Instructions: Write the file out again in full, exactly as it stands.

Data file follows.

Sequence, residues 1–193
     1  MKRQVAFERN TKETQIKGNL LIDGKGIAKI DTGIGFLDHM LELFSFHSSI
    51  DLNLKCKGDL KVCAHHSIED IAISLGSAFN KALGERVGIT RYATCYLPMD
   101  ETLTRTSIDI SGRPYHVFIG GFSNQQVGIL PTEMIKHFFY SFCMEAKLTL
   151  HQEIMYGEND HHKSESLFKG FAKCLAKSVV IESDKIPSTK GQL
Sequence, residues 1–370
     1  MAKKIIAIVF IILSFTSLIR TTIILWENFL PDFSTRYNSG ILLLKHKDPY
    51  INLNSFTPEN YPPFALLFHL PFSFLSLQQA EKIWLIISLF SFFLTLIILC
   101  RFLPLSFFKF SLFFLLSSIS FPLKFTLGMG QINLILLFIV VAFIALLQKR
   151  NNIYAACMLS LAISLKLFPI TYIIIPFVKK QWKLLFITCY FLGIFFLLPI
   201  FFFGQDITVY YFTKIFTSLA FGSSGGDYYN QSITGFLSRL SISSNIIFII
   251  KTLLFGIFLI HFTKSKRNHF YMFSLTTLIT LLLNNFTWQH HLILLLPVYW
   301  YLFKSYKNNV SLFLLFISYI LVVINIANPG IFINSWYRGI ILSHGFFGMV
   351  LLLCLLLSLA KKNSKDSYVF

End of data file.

Sequence, residues 1–193
     1  MKRQVAFERN TKETQIKGNL LIDGKGIAKI DTGIGFLDHM LELFSFHSSI
    51  DLNLKCKGDL KVCAHHSIED IAISLGSAFN KALGERVGIT RYATCYLPMD
   101  ETLTRTSIDI SGRPYHVFIG GFSNQQVGIL PTEMIKHFFY SFCMEAKLTL
   151  HQEIMYGEND HHKSESLFKG FAKCLAKSVV IESDKIPSTK GQL
Sequence, residues 1–370
     1  MAKKIIAIVF IILSFTSLIR TTIILWENFL PDFSTRYNSG ILLLKHKDPY
    51  INLNSFTPEN YPPFALLFHL PFSFLSLQQA EKIWLIISLF SFFLTLIILC
   101  RFLPLSFFKF SLFFLLSSIS FPLKFTLGMG QINLILLFIV VAFIALLQKR
   151  NNIYAACMLS LAISLKLFPI TYIIIPFVKK QWKLLFITCY FLGIFFLLPI
   201  FFFGQDITVY YFTKIFTSLA FGSSGGDYYN QSITGFLSRL SISSNIIFII
   251  KTLLFGIFLI HFTKSKRNHF YMFSLTTLIT LLLNNFTWQH HLILLLPVYW
   301  YLFKSYKNNV SLFLLFISYI LVVINIANPG IFINSWYRGI ILSHGFFGMV
   351  LLLCLLLSLA KKNSKDSYVF